Anyone shooting 10k rounds a year will see a gun possibly wear and need parts replacement in 2-3 years, for most of us getting them broken in at all would be a goal that takes 8-10 years. With lack of open range, fees, driving, ammo costs, and opportunity scheduling, shooting the life out of a firearm has to be worked at harder than a job in some cases.

  11. I can’t believe I missed this post. As I read it I have a 442 in a Rosen pocket holster in my R/F. It sports a set of Spiegel Boot Grips. I first strapped it to my ankle in 1991. It was in a Galco Ankle Glove. I still have the holster today. It’s well worn, but still serviceable. However, the revolver. My 442 is one of the most trustworthy handguns I have ever owned. The action is as slick as snot on an oyster. Those Spiegel’s? I can’t tell you what they’re made of. I think they’re rosewood, but they have become so darkened from my hands I’m no longer sure. Finish? What finish? That left this little revolver years ago. I’ll tell you two last things. I own newer, more modern, semi-auto, polymer framed pistols that hold more rounds. (They’re good pistols.) That was the first thing. The next thing is I can’t leave that 442 alone because I can wear your ass out with it.
    Service life was the original question and the author spoke of his 642. My 442 has seen serious, hard use. No issues. I think so much of this weapons platform that I gave Mike’s stepson a 642 for a graduation gift last month. If you don’t own a J frame, you have a serious gap in your firearms battery.

    • “If you don’t own a J frame, you have a serious gap in your firearms battery.”
      Yup, I second that remark. Mine’s a 642.

  12. I have black powder from the early 1800s, Civil War Revolvers, and even an old 1700s flintlock pistol that I still take to the range from time to time. I have a small pile of WWI semi auto pistols that go to the range with me on a regular basis, especially my old Luger and 1911 (love to take the opposing powers pistols out together).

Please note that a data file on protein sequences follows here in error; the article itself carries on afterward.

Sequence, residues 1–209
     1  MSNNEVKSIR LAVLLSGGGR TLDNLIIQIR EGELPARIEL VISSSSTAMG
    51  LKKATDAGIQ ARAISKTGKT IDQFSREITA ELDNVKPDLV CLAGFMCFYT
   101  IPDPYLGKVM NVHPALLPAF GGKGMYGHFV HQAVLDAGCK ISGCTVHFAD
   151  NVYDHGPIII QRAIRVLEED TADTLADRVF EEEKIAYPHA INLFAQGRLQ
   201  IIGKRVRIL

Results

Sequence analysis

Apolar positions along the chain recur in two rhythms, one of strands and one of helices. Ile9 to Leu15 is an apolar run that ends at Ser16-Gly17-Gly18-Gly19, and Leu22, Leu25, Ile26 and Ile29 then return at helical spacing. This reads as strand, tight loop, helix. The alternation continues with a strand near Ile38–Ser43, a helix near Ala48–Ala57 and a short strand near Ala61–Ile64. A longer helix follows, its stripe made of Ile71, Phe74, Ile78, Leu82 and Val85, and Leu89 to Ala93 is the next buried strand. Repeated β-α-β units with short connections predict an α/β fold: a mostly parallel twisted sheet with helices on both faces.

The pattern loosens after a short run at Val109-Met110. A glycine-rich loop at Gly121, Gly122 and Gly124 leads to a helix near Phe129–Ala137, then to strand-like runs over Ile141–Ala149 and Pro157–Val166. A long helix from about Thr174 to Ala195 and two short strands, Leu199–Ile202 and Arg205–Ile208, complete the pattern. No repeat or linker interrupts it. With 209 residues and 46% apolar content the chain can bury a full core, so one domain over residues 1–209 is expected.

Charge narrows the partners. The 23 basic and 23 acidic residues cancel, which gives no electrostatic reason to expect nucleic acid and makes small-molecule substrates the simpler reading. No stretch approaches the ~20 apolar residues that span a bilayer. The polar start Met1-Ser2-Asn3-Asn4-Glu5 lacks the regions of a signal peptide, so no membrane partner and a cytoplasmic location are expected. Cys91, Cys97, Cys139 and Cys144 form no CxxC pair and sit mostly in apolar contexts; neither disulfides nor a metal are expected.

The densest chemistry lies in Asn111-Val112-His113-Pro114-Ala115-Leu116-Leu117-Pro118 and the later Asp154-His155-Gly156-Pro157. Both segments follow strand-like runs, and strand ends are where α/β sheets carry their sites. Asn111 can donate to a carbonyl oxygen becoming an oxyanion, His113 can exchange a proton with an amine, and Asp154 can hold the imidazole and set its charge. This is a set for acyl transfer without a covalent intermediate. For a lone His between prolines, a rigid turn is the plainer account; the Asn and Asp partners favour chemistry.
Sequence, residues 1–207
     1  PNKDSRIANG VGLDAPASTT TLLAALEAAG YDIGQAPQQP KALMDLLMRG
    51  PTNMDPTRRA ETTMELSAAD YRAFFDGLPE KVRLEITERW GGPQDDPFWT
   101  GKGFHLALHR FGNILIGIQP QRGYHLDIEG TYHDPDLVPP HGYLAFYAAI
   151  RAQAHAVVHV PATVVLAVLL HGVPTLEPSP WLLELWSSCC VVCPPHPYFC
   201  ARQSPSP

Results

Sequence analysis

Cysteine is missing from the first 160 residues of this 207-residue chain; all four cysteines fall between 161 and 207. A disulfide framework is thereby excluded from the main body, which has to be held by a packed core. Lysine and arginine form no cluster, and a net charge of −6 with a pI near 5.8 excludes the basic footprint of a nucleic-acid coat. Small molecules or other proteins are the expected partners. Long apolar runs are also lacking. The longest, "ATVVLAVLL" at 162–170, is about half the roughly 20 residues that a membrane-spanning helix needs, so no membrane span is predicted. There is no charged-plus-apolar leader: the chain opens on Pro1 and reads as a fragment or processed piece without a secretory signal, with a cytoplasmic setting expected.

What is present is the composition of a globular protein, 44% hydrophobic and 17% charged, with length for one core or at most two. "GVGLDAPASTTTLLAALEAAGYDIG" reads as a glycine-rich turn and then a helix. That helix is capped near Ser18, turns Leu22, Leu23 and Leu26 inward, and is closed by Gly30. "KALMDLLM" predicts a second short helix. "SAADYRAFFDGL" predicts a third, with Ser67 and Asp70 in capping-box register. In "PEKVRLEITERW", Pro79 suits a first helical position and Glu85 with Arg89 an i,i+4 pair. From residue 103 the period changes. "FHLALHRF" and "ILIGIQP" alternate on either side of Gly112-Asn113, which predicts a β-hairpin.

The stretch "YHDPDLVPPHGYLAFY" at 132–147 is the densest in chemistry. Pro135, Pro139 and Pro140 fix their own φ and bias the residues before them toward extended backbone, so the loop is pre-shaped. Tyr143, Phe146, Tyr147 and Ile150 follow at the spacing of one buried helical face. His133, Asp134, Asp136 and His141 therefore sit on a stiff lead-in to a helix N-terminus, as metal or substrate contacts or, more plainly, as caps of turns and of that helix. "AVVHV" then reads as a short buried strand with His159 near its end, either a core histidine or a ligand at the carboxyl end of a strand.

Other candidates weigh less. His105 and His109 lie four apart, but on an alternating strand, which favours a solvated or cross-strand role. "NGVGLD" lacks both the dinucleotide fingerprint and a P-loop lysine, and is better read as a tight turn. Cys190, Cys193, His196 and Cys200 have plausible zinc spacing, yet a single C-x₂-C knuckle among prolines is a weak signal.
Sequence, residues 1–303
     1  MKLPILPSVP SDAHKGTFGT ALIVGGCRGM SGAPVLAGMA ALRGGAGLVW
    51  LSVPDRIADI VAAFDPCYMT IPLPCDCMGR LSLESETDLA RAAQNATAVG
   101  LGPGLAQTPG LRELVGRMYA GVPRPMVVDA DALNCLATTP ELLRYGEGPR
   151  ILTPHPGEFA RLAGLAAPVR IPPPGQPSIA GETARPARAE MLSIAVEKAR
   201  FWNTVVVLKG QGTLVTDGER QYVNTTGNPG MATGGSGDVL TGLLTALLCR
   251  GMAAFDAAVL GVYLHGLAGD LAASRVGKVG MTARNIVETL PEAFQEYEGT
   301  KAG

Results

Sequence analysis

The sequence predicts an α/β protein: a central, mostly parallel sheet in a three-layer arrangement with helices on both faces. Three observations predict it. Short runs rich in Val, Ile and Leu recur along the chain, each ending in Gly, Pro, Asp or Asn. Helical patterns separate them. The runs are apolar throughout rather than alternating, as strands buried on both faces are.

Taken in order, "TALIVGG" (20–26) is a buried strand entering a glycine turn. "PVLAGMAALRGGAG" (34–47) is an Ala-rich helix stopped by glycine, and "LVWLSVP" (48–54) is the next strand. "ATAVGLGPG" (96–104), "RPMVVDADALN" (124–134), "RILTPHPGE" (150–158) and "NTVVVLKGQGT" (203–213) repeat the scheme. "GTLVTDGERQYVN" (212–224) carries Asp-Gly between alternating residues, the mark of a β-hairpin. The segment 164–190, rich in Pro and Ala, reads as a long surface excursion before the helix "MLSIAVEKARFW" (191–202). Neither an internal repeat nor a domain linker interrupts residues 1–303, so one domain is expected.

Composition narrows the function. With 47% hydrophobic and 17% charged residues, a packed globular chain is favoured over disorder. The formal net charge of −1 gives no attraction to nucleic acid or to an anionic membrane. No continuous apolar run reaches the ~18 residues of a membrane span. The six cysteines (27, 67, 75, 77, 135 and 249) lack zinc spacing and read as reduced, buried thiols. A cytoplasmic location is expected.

Metal working has come a long way, firearm designs are simpler than ever, and almost no modern ammo is corrosive. While I’m sure eventually I’ll run into broken firing pins, worn springs, and broken extractors, I’m not terribly worried about my service life. By that point, I will have spent several times the funds on ammo that the gun is worth

  13. I have a Colt 1911 from the 70’s that has lasted 50,000 rounds. I have replaced the recoil spring every 2,000 to 3,000 rounds and the barrel is still good. I shot a combination of lead and copper plated bullets in it for most of those rounds. The loads are not to strong velocity is about 700 fps. I have now retired it and don’t shoot it much, but then again I don’t shoot as much as I used to. If I were to have it reblued and a new barrel put in it, it should last at least another 20,000 rounds and look great. I replaced the slide stop and because it broke and all of the springs a couple of times. I also replaced the extractor because it was losing its tension very quickly.